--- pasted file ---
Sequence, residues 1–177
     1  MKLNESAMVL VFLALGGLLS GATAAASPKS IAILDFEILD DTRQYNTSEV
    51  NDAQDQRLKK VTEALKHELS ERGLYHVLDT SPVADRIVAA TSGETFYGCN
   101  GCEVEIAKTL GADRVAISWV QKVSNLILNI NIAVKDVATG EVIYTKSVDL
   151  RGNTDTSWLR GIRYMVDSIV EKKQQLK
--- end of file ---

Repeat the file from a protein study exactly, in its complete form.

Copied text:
Sequence, residues 1–177
     1  MKLNESAMVL VFLALGGLLS GATAAASPKS IAILDFEILD DTRQYNTSEV
    51  NDAQDQRLKK VTEALKHELS ERGLYHVLDT SPVADRIVAA TSGETFYGCN
   101  GCEVEIAKTL GADRVAISWV QKVSNLILNI NIAVKDVATG EVIYTKSVDL
   151  RGNTDTSWLR GIRYMVDSIV EKKQQLK